Beaumont Etiquette offers classes to improve people's manners, and Gen Yers are taking up most of the spots. In a digital world, young people are taking it upon themselves to avoid descending into a detached and mannerless society, boosting employment prospects while they're at it. We explore the insights behind a behavioural shift that’s turned contemporary etiquette into a commodity in itself.
Launched in late 2016, Beaumont Etiquette teaches people how to behave properly at formal dinners and events – from how to hold cutlery to introducing yourself and holding conversation. “A majority of our clients are [Gen Yers],” says founder Myka Meier. "At the end of the day, they understand the importance of etiquette, and how it can help increase their progression both socially and professionally." The classes are in tune with modern cultural practices and progressive ideals, with Meier rejecting the longheld tradition that the man must pay on a date – a nod to gender equality.
Etiquette classes are far from outdated
Gerald R. Ford School of Public Policy, University of Michigan (2014) ©
The rules of etiquette have evolved considerably over the past 50 years, with digital influences thought to have played a key role. And with 92% of young Americans believing that social media is making society less civil, etiquette coaching gives them an opportunity to learn how to interact with real humans again. “This generation is lacking in social skills because they’re so used to computers and communicating via text and apps,” says Meier. As young people pay more attention to etiquette, brands are taking note to ensure they’re meeting Gen Y's renewed high standards.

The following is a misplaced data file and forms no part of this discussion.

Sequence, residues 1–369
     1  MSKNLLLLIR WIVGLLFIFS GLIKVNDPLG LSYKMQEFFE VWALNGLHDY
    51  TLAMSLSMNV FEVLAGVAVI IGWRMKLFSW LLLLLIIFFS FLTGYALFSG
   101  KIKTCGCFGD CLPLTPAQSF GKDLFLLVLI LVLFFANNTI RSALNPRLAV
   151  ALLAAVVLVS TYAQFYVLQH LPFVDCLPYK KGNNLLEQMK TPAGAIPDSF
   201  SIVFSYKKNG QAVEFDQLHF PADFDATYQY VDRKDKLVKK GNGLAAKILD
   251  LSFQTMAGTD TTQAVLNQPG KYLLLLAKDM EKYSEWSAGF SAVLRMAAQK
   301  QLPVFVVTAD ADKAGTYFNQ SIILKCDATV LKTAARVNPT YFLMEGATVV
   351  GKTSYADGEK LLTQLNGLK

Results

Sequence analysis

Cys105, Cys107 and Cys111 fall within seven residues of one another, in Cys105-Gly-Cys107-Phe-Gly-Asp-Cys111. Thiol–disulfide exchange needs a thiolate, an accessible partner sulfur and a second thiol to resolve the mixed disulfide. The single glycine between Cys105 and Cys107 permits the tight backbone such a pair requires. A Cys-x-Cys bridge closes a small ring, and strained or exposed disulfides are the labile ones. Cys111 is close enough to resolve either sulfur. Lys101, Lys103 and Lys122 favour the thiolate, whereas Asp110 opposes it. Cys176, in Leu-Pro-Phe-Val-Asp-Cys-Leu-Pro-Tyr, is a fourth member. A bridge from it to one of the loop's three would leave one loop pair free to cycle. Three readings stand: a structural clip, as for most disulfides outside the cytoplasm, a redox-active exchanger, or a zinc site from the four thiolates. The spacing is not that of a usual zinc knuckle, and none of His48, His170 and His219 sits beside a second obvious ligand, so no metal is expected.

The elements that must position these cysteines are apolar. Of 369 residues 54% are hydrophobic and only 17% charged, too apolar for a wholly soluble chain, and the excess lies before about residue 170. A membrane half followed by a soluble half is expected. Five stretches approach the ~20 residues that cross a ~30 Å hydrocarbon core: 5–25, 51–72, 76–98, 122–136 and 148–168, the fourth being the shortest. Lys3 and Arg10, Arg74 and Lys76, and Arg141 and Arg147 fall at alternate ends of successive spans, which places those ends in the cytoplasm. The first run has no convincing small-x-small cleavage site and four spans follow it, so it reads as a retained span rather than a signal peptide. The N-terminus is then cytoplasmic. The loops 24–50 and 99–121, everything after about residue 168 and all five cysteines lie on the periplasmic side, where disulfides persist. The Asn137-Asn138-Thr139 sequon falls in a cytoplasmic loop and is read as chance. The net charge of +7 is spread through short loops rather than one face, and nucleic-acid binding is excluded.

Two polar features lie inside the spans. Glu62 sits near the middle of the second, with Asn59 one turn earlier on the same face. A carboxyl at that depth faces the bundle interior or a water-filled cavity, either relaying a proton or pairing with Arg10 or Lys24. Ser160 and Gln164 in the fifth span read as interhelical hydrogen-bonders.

Charles Pickering is a researcher at Canvas8, which specialises in behavioural insights and consumer research. He previously completed a Master’s degree in cognitive and evolutionary anthropology at Oxford, and loves a good dataset
24 Mar 17
2 min read